George Coleman isn’t just the answer to the trivial pursuit question “Who were the tenor saxophonists in Miles Davis’ Band after John Coltrane and but before Wayne Shorter.” The correct answers; Hank Mobley, Sam Rivers, and George Coleman, if not achieving Miles Davis super-stardom all went on to significant careers. Miles suggested that Coleman left his sixties group because of tension. Davis said he played too perfect and that his bandmates were looking for more freedom and, one can suspect, a looser sound. My take is that George Coleman, like his Memphis jazz brother Harold Mabern, played with a blues/swing the aggressive young lions Herbie Hancock and Tony Williams were trying to eschew, for hipness sake. Like Mobley (now deceased) and more recently Rivers, Coleman has a gang of loyal devotees to his music.
Coleman has been part of many significant groups (Lionel Hampton, Elvin Jones, Horace Silver, Jimmy Smith, Chet Baker, Max Roach, and Cedar Walton and recordings (Herbie Hancock’s Maiden Voyage, and Miles Davis’ Four And More, My Funny Valentine, & Live at Antibes ). His output as a leader has been sparse (for such a great talent), with his last release being the Telarc recording I Could Write A Book: The Music Of Richard Rodgers (1998). His Octet, which has been around in some form or an other since 1973, has criminally been recorded only a few times. The Two And Four recording company rights a wrong in the debut release by Coleman’s Octet.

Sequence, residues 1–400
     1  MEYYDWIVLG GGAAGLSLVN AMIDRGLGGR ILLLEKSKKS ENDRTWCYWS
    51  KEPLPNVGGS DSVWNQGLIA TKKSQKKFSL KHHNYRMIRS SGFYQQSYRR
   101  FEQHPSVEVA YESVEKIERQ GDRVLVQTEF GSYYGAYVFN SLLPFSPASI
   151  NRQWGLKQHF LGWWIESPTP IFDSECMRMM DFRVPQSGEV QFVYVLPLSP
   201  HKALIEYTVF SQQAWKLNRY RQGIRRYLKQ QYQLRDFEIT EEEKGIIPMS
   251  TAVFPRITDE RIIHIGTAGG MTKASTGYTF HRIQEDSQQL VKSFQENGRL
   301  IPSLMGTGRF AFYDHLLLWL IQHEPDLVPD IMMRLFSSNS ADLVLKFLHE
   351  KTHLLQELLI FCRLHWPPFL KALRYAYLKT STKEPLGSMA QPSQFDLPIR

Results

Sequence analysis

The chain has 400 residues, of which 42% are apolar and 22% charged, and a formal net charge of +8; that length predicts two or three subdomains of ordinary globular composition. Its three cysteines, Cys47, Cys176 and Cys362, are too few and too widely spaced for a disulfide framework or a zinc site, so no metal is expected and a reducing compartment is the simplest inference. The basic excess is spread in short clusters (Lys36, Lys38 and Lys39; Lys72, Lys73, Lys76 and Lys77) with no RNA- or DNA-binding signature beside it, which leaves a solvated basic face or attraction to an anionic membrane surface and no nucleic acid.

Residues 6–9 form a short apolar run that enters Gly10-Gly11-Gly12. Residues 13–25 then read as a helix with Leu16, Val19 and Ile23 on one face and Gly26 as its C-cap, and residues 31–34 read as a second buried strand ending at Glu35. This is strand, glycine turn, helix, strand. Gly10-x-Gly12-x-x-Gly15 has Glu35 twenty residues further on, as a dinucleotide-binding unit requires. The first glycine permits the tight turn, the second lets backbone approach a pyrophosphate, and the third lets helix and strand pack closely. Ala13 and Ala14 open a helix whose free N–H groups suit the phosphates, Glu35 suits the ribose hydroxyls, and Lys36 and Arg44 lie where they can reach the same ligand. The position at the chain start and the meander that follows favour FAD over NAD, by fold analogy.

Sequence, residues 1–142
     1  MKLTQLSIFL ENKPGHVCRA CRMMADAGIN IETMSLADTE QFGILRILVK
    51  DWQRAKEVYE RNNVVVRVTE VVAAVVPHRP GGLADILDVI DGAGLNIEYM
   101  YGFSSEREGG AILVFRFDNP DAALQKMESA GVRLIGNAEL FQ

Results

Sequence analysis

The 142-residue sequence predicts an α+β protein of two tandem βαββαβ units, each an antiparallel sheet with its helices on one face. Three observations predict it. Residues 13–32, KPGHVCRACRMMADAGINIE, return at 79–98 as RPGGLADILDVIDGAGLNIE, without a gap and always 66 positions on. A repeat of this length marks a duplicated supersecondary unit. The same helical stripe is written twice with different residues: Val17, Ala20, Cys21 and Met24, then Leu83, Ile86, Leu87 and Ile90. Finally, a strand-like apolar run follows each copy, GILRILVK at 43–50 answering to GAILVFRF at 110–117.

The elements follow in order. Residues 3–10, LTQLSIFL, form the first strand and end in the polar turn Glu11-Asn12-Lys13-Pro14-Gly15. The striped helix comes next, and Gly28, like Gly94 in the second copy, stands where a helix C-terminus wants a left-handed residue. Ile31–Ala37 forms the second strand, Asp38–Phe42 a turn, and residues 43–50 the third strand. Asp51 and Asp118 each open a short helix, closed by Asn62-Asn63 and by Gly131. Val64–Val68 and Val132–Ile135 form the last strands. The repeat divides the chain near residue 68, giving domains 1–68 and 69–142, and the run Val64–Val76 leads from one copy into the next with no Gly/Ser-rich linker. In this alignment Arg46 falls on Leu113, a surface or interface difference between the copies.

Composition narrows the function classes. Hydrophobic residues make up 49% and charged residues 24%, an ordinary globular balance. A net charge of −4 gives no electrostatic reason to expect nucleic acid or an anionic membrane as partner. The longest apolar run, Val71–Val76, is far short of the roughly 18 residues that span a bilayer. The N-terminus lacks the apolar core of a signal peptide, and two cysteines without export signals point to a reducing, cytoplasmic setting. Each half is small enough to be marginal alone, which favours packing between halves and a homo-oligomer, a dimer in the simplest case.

The disc opens with Stevie Wonder’s “Isn’t She Lovely,” the octet laying such a driving blues groove you barely notice Coleman doesn’t take a solo until nearly four minutes into the song. It’s that Memphis sound that hooks you from the get-go. Harold Mabern’s piano swings so hard throughout, there is not much that could go wrong here. Percussionist Daniel Sadowick augments the octet of two tenors, alto, and baritone saxophones, trumpet, piano bass and drums. His hand drumming along with master bassist Ray Drummond, George’s son on drums and the aforementioned Mabern, are a rhythm section with a blues predilection. Their take on the standard “Tenderly,” arranged by Ned Otter, is a rapid paced reworking which sheds every ounce of sentimentality for passionate swing. This is an octet that thinks it’s a quartet. They regard changes most little big bands would never attempt and apply generous space rarely heard in octet recordings. Highlights include trumpeter Jim Rotondi’s solo on “Portrait Of Jenny,” Coleman’s “Pretty Blues” with full-horn front split off into a call-and response, and Frank Foster’s composition “Simone” with the coltrane-esqe solo by Ned Otter.
Maybe Miles Davis was right; George Coleman’s playing is too perfect. Not perfect, as in the criticism of Wynton Marsalis’ unemotional playing. But perfect in the sense of Dizzy Gillespie’s always playing the correct note at the right time. Coleman’s timing is faultless, and no one could ever say his horn is indifferent. This Memphis tenor has a large blues sound with enough passion to get your ass dancing.
Track List:Isn’t She Lovely; Conservation; Portrait of Jennie; Simone; Tenderly; Follow Me; Pretty Blues.